I did not, as Professor Conger claims, use the cover illustration to argue that the book is plagued by the same "absurdity" I attribute to the painted cow. (He nevertheless cries "Foul!") As suggested above, I drew no parallels between the image and the book at all, and called neither the book nor the cow "absurd"--my quarrels with the book run much deeper than that. And my "unkind" remarks about the cow were not at all prompted by his e-mail debate with Michelle Kamhi over What Art Is (on the Aesthetics-L discussion list maintained by the American Society for Aesthetics). The reason I noticed his name, "so dimly printed in the tiniest cover flap front" (along with other background information), is that I always read such text, especially when reviewing a book. In any case, contrary to Professor Conger's charge, I had no need to lean on his cow in my "deadly spearing" of Professor Freeland. I had more than sufficient recourse to her own words, as amply documented in the section of my review entitled "The Book"--which he seems not to have even read.

Professor Conger's response sets Crossfire Cow in an art-historical context (loosely speaking), and I was glad to learn of the examples he cites. Needless to say, I do not consider any of the figures he mentions--including Roy Lichtenstein (the only non-abstractionist in the bunch)--to be artists. But consider this claim regarding Crossfire Cow:

allusions closely related to some of my other work include evoking the dialectical tension between fascination and repulsion symbolized by the history of Chicago's stockyards-- thus the iconic cow--and continued in a larger sense by the city's energetic and often ruthless intermixing of culture and crime, all in brightly masked crossfire?

Could Professor Conger's cow possibly suggest any of this to anyone other than himself? I think not. Indeed, as he further explains, what the decoration of his cow mainly referred to was a series of art-historical oddities: works inspired by the "'crossfire' of modernist ambitions," and Van Doesburg's "geometric arrangement," Composition (The Cow)--a work in which, notwithstanding the title, no ordinary person (or even a child with a very fertile imagination) would discern a cow, or anything having to do with cows.

Michelle Marder Kamhi replies:

The objections Professor Conger raises to What Art Is, and to the work of clinical psychologist Louis Sass (whose Madness and Modernism is frequently cited in the book), are mistaken on several key points. First, he claims, somewhat bafflingly, that Louis Torres and I consider such matters as art theory and art history to be "the private domain of Ayn Rand fans," and that we fail to understand what we disagree with. Quite the contrary. We have analyzed at length, in the book and elsewhere, the various theories of art and notions of art history that have had such a destructive influence on the artworld since the early twentieth century. In fact, several reviewers have commented on the thoroughness which which we have considered such matters in What Art Is.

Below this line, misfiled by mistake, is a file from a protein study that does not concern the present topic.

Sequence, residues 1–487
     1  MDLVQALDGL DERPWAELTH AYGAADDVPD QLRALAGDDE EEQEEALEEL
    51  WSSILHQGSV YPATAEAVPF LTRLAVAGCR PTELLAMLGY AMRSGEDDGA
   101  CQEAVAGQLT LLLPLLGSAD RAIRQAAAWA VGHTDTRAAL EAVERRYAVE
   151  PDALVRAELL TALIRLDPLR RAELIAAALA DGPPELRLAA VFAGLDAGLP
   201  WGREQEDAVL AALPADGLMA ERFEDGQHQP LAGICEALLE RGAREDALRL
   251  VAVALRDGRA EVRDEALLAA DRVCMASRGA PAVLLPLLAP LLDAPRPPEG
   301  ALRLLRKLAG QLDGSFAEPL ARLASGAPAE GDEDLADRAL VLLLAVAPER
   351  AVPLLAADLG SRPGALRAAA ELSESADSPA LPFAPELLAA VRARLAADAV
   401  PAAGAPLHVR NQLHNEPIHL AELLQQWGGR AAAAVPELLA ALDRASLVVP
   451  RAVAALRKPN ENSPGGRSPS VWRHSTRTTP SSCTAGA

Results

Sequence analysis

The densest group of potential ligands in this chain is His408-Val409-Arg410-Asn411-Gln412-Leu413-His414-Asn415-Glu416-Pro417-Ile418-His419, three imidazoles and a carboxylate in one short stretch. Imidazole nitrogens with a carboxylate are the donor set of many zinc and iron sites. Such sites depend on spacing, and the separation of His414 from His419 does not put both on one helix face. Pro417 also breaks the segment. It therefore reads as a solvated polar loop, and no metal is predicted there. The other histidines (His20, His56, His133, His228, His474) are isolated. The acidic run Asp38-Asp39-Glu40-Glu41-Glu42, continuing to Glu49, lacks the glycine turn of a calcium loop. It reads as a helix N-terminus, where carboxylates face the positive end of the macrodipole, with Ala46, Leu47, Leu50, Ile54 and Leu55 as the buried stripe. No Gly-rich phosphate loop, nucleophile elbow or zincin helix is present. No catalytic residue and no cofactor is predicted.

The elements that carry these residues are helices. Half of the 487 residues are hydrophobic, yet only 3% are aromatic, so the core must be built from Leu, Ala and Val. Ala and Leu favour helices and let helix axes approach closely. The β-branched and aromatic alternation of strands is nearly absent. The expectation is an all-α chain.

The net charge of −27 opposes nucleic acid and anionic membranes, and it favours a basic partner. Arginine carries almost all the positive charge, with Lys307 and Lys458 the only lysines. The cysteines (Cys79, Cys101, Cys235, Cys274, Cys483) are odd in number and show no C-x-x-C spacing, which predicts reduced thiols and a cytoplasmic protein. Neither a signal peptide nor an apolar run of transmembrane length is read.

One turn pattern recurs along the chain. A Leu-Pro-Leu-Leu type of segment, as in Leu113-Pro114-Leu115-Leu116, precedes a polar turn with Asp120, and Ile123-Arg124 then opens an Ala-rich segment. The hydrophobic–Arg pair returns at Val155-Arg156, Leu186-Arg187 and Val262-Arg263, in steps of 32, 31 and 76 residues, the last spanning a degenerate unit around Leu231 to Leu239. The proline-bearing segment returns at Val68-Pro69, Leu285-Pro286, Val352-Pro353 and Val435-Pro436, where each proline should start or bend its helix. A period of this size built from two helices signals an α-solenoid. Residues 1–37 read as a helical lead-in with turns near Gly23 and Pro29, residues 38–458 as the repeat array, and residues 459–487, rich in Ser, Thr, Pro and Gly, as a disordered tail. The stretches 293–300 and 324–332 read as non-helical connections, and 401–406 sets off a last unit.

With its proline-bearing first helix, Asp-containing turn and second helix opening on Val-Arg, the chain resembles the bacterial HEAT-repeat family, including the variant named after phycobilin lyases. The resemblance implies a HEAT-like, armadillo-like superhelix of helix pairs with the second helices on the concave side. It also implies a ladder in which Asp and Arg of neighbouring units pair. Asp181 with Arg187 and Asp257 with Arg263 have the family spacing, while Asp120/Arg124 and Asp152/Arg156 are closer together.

Moreover, Crossfire Cow is a perfect example of the sort of work that has resulted from the artworld's greater concern with art theory than with emotionally meaningful human experience. As Professor Conger himself implies, it is inaccessible to the average person on all but the most banal terms; the purportedly deeper meaning it aims at is a clever riff on theoretical disputes of interest only to artworld insiders. Nor does knowledge of his intentions in any way enhance the value of his work for us; it serves only to highlight what's wrong with "contemporary art." The fundamental question remains, Does such work in fact qualify as art? That is the question Freeland's book ostensibly poses but never really answers. In this respect, the cow does "parallel the . . . content" of her book: both share the same overriding concern with theory, at the expense of art.

Regarding the answer our book offers to the question of what art is, Professor Conger complains that we began "with a fixed belief about art--an extrapolation from Ayn Rand's vague esthetics." He could not be more mistaken. We began with our own direct experience of a multitude of artworks, and with a sense of what was significant for us about those experiences. We were not drawn to Rand's theory arbitrarily or in a vacuum. We were drawn to it because it offered a lucid explanation of what we had observed and felt about the function and value of art. And we were impressed by her theory because it was grounded, as is becoming increasingly clear, in a remarkably astute grasp of the relationship between perception, cognition, and emotion.

Professor Conger makes some astonishingly erroneous allegations about our book--astonishing because, while he is extremely critical of our scholarship, his allegations against us are broadly drawn, with scarcely a direct quote and only one specific page reference to back them up. In particular, his unsupported assertion that we "employ Louis Sass's notions about schizophrenia and modernism as real evidence that modern art is lunacy made by lunatics" is a grossly reductionist misinterpretation of our argument. Let me quote from What Art Is (pp. 145-46):